- The Washington Times - Wednesday, May 20, 2009

TAIZ, Yemen

“This is the first food I’ve eaten in four days,” Habiba Mohammad Hassan, a 17-year-old Somali girl says while opening a packet of high-energy cookies from the U.N. World Food Program (WFP).

Habiba, and 150 other refugees, just spent three days crossing the hazardous Gulf of Aden, fleeing the conflict in Somalia and arriving on the beach of Bab al Mandeb, a small port village in the extreme west of Yemen.

Refugees who make it to land receive automatic political asylum, but survivors sometimes report being forced overboard in deep waters far off shore by traffickers.

The United Nations refugee agency, UNHCR, has buried more than 500 bodies recovered on the beaches around al Mandeb.



In route from the landing spot in Bab al Mandeb, to the UNHCR camp Al Kharaz camp two hours away, Habiba sits wedged in the back of a truck with 40 others.

Arriving at the camp, she waits in line under a corrugated metal structure to receive food ration cards that will provide up to five days of cooked meals from the WFP.

“When they came into my house and cut out my sister’s eyes and then cut off her head … when I saw this, I could no longer stay,” Habiba says.

Though safe for now, she and other refugees are unlikely to settle in Yemen, which can barely feed its own people. Yemen’s increasing dependence on external food supplies has been exacerbated by climate change and massive population growth. Rising global food prices have further compounded the crisis.

Like most Yemeni households, Hayeem Ya’esh, 66, is cutting back on other expenses to ensure that his family has their minimum requirements. “I now spend almost 100 percent of my income on food.”

Next week, WFP in Yemen is launching a program to offset the high prices of food staples, which is hitting millions of food-insecure Yemenis like Mr. Ya’esh.

“The food from the U.N. cannot come at a better time,” Mr. Ya’esh says as he waits to get registered with the WFP. “My income has never increased, but the cost of food has.”

The budget for the operation is $30 million and is set to target 700,000 people in eight of Yemen’s 21 government districts. The focus of the operation will be on children ages 2 to 5, and pregnant woman.

“These are the categories of people considered most affected by the food price hikes,” said Saeed Marwan, a WFP representative.

Yemen’s food problems stem from multiple sources going back many years. During the first Gulf War in 1991, Yemen supported Iraq politically, but not militarily.

In retaliation, Saudi Arabia and Kuwait expelled as many as 1 million Yemenis. The Yemenis and their families relied heavily on remittances. As a result, unemployment skyrocketed and inflation has run rampant ever since.

Recently, rebel activity and border conflicts with Saudi Arabia have prevented Yemen from developing oil reserves in the north.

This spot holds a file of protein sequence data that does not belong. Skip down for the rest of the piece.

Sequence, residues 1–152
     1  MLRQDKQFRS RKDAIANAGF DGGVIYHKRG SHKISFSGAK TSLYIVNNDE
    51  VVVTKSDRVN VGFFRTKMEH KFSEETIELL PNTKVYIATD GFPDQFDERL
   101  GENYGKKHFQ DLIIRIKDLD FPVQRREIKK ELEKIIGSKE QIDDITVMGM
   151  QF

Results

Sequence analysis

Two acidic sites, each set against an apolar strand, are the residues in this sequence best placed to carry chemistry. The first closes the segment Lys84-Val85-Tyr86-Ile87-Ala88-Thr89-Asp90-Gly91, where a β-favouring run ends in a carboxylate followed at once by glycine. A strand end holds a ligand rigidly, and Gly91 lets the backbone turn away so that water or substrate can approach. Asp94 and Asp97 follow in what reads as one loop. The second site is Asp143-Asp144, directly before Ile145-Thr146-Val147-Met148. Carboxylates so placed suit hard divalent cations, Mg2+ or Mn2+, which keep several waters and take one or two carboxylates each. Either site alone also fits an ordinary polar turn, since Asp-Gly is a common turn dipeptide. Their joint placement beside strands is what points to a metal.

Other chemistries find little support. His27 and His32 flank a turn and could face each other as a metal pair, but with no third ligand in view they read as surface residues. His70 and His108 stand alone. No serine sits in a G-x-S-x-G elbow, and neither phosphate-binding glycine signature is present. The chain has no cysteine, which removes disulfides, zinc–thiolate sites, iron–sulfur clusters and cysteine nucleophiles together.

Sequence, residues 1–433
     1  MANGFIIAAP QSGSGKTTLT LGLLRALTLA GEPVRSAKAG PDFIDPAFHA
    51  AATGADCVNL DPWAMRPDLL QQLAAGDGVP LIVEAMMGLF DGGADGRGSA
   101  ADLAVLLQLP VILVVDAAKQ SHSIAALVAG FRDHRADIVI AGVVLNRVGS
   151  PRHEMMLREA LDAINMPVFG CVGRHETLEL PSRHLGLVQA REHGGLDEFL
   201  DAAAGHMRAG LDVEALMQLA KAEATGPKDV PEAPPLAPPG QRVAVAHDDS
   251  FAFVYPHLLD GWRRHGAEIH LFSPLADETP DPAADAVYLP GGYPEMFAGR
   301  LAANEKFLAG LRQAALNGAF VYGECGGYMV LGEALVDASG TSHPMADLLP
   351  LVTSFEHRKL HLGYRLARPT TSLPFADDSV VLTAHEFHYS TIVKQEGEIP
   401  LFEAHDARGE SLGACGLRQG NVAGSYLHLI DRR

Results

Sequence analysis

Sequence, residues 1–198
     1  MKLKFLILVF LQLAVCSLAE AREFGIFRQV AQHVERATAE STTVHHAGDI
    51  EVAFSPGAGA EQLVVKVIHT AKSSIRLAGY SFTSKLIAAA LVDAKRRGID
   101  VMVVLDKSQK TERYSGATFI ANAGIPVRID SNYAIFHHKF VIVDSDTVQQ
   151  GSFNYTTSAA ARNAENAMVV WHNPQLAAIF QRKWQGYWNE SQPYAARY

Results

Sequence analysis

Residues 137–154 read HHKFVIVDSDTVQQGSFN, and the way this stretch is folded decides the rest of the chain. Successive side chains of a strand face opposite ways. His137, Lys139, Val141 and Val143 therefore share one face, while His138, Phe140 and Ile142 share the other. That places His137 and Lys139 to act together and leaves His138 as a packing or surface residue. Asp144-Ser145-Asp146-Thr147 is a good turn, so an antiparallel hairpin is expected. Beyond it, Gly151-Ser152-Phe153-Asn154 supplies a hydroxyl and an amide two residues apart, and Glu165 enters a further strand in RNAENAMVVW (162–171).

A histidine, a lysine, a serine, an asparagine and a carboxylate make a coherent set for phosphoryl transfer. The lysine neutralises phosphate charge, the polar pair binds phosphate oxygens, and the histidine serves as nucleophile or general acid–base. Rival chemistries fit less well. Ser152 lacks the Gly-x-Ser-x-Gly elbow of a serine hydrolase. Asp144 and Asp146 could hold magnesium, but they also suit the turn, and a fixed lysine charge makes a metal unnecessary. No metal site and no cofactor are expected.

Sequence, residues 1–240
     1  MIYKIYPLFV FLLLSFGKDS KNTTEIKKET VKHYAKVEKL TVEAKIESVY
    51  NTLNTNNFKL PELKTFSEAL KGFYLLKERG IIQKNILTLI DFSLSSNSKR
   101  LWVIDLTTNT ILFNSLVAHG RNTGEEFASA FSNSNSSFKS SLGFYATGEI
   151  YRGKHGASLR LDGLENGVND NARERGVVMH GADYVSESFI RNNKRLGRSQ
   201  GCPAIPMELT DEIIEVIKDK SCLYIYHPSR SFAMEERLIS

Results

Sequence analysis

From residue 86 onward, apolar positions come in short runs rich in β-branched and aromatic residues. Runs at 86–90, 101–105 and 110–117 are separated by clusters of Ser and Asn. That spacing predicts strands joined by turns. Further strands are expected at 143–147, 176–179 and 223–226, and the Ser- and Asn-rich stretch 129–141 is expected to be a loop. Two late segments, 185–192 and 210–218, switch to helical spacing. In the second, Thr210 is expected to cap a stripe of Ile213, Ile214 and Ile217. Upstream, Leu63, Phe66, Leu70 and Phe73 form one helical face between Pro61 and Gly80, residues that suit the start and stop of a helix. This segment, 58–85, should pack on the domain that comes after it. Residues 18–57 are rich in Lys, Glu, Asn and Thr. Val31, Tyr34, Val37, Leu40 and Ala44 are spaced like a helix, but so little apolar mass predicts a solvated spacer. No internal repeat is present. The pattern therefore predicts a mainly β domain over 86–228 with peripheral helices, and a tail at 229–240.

Yemen’s oil-refining industry relied on crude from Iraq and Kuwait, which dried up during the war, and the U.S. has slashed its economic aid.

Arriving at the village of Dobaba, one sees families in the middle of an unforgiving landscape attempting to scrape by. They deal not only with food scarcity but also struggle to find water.

Yemenis consume more water than its aquifers can supply. Some fear the Western part of the country will run out of water in its aquifer in 10 years.

Drilling in this region requires going to the expensive depth of more than a half mile, compared with less than 150 feet just 25 years ago.

Nothing about this village is sustainable and yet they cannot afford to travel to Taiz, let alone afford to live in such a city. Furthermore, their dependency and skill sets revolve around the sea.

Unable to wait for the food operation to arrive to Dobaba, fishermen like Abdalla Abrahem must venture deeper into the volatile seas to find enough fish to support his family.

The new arrivals will have to decide whether they want to make their new life here in the camp or risk traveling illegally to the surrounding gulf nations for a better opportunity to work.

Sitting on a thin mattress inside a UNHCR tent, Ramah Ismail, 31, says: “Even though it is safe here [in Yemen], this is no existence. There is no work, no water, and it’s impossible to grow anything here.”

She continues: “This is my second time coming to Yemen. Six months ago, I came to Yemen and then traveled to Jidda [Saudi Arabia] to find work. I was arrested and sent back to Somalia.”

Ms. Ismail, who arrived in Yemen six days earlier, just used her last food ration card and plans another attempt to settle in Jidda, leaving for the Saudi city the next day.

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